Thursday, December 30, 2021

A Peaceful, Easy Weekly Link Round-Up


I've just been responding to comments on my post about the legendary musical instruments on exhibit at the Musical Instrument Museum here in the valley, so that's probably where I got the idea for the musically themed title for this week's round-up. 

After braving an unexpected stampede of people at the Desert Botanical Garden last week, Denis and I made the decision to stay home this week in order to avoid more hordes of winter visitors, people off work, and children of all ages being out of school. Not that it's a hardship; we have plenty to keep ourselves occupied. In fact, we "celebrated" Boxing Day by cleaning out our closet in the bedroom. (After spending all this time clearing out and reorganizing a space, you'd think we'd take extra care in keeping it that way, but we never do... at least where closets are concerned.)

Right now, I'm sitting here in the living room watching a mockingbird take a protracted bath and the next-door neighbor pulling weeds. We've been getting some much-needed rain, and more is expected today. When I'll get done here, I'll curl up with my latest book (I've just experienced another hurricane in John Keyse-Walker's latest mystery) and keep snug beneath one of Mom's afghans. I can almost hear her say, "All those afghans you've knitted, and you're wrapped up in one of mine!"

Another thing I've been toying with is making reading resolutions. This is something I really don't do; I'll have vague thoughts about this and that. If I happen to actually accomplish them by year's end, that's good, but I don't beat myself up if they're not done. What sort of resolutions, you ask? I keep telling myself to read more translated fiction. I certainly didn't follow through with it this year. I'd like to read one non-fiction book and one translated book per month in 2022. It's certainly doable, but will I remember? Guess it's going to take a year before any of us find out!

Here's hoping that you all have received new reading material for the coming year. Enjoy the links!

►Books & Other Interesting Tidbits◄
►Channeling My Inner Indiana Jones◄
►Channeling My Inner Elly Mae Clampett◄
  • How shark antibodies could aid in the fight against Coronavirus and prepare for future outbreaks.
  • At first she thought her dog was acting weird. Then she noticed something wrong with her baby.
  • This thoughtful buffalo uses his horn to flip over an upside down tortoise.
  • The Australian lyrebird can mimic the sounds of cameras, chainsaws, and car alarms. (I remember watching one of Sir David Attenborough's specials that featured lyrebirds.)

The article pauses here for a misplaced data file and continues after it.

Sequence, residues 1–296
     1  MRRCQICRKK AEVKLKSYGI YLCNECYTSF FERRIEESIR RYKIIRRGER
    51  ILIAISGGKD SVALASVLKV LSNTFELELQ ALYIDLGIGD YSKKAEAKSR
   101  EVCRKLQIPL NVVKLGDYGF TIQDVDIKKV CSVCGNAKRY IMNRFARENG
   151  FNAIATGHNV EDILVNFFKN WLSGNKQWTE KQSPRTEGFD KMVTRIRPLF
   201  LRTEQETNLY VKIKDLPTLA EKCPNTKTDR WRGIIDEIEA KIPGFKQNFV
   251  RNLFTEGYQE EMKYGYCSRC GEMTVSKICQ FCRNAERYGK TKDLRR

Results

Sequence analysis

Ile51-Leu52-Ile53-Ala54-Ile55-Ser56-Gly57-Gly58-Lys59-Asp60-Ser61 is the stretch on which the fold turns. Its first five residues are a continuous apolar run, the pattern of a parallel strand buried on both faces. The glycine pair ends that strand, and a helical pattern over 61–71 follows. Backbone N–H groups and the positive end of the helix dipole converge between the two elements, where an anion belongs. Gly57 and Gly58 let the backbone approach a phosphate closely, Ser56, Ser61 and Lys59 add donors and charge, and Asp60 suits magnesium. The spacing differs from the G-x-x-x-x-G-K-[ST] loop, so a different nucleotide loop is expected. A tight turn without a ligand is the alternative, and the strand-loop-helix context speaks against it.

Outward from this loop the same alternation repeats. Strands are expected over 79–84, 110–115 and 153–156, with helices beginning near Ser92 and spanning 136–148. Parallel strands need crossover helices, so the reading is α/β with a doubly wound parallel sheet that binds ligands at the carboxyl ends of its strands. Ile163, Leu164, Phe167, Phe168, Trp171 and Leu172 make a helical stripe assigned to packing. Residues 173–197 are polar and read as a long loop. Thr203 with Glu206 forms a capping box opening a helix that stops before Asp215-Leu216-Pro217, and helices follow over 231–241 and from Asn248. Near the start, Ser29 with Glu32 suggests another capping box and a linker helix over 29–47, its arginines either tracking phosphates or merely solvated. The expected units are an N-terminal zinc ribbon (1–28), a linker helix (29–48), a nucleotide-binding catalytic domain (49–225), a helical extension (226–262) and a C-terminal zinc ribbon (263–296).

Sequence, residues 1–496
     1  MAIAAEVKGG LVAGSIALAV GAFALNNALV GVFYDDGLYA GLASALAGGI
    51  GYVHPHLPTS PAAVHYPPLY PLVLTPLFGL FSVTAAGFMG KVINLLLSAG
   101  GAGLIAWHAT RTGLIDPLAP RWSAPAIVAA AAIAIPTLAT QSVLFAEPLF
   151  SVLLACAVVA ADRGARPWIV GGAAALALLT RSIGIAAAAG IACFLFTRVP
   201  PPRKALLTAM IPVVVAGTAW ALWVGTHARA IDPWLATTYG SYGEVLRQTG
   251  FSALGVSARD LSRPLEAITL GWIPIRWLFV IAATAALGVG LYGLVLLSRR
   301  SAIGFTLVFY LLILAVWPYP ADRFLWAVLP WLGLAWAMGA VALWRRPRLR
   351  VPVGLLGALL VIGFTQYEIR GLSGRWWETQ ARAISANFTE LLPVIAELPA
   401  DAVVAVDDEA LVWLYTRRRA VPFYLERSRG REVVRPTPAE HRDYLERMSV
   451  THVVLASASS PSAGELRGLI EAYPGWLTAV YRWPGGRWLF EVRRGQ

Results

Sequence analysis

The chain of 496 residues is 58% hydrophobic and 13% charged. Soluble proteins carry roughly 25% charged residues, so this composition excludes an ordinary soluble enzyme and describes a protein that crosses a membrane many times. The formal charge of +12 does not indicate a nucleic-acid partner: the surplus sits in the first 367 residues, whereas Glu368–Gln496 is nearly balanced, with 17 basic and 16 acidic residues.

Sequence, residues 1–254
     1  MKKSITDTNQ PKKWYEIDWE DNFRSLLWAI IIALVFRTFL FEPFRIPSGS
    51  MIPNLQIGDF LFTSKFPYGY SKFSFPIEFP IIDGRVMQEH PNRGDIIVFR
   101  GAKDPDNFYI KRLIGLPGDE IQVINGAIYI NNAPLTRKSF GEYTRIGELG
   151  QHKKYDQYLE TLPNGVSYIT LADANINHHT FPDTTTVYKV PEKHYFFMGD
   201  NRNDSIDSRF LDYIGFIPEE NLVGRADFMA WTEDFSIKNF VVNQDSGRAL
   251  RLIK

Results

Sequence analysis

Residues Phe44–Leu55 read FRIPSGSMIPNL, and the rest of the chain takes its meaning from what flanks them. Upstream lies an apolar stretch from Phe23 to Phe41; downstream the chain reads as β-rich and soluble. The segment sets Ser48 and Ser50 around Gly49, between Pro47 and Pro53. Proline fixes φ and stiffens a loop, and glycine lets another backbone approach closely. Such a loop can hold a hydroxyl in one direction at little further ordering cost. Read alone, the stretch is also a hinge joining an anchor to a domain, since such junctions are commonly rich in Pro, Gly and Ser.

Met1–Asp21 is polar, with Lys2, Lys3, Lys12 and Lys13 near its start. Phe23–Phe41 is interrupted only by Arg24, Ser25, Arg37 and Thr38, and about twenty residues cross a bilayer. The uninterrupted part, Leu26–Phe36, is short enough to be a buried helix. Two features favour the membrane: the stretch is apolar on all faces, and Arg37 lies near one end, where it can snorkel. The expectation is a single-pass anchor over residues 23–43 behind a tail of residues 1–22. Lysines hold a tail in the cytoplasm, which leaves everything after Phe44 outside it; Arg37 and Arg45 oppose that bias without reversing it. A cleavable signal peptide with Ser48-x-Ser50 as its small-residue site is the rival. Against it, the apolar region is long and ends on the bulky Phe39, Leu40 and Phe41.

• A lost eagle from Asia has been flying around America for more than a year.
  • Once a year, capybaras at this Japanese zoo are treated to a fully immersive spa day.
  • Baby elephants can't control their trunks, and it's hilarious to watch them try.
  • Everything you always wanted to know about detection dogs.
►Fascinating Folk◄
►The Wanderer◄
►More of Those Best of 2021 Lists◄
►I ♥ Lists◄
That's all for this week! Don't forget to stop by next Friday when I'll be sharing a freshly selected batch of links for your surfing pleasure.

Stay safe. Stay healthy. And don't forget to curl up with a good book!

Happy New Year!


  1. Yes, seems like a time to relax and enjoy watching the birds bathe, and to clean the neverending piles in closets. I'm afraid of my hall closet as it spontaneously gets cluttered.

    And I think reading resolutions are good. I have in mind a few books I want to read. But now I have to take the time and study the "best of 2021 books" lists and make lists of what I want to read.

    Enjoy the new year's arrival and I can't wait to see the book reviews coming up.

  2. It sounds as though you're having a relaxing week, Cathy, and sometimes that's just what's needed! Even clearing out can be a relaxing thing to do, I sometimes find. I wish you and Denis all the best for 2022! Thanks, as ever, for your excellent blog. I'll see you after I get back from that shipwreck!

  3. Let's hope that The Guardian is right and that all the stupidity of trying to ban books is having an unintended consequence.

    I've been reading about that Steller's Sea Eagle for a while now. I think he just wants to see the world.

    1. I think he's got the right idea. I hope everyone lets him do it.

      Happy New Year, Dorothy.

  4. I've found the same here, Cathy, when it comes to crowded places all of a sudden. As a retiree, I've come to dread weekends and extended holidays when all the amateurs are out there doing the things I want to do. LOL

    I like your approach to your NF and translated fiction goals. Small chunks like that will add up nicely by the end of next year. explore your links.

  5. There is something about the time after Christmas and before New Year's Day that always makes me want to clear the clutter. It also makes me want to set reading goals. In previous years I have joined many challenges, but this year I just don't want to be bothered. I did join two, but they are really not challenges for me as I know that I will read the books necessary, but it is just a way to connect with other readers. I like your goals, you have a general idea of what you would like to accomplish, but no big deal if you don't get to it.

    Happy New Year!

    1. I joined several reading challenges one year, and that one year was enough for me. I guess I don't like much structure in my reading, preferring to fly by the seat of my pants instead just to see where I wind up.

      Happy New Year!

  6. Happy New Year! I would like to pick up more non fiction too, but usually only read 2 or 3 a year. Has to be the right subject.

    1. Happy New Year!

      I'm the same way about non-fiction. If the subject doesn't light some kind of spark in me, I won't read it.


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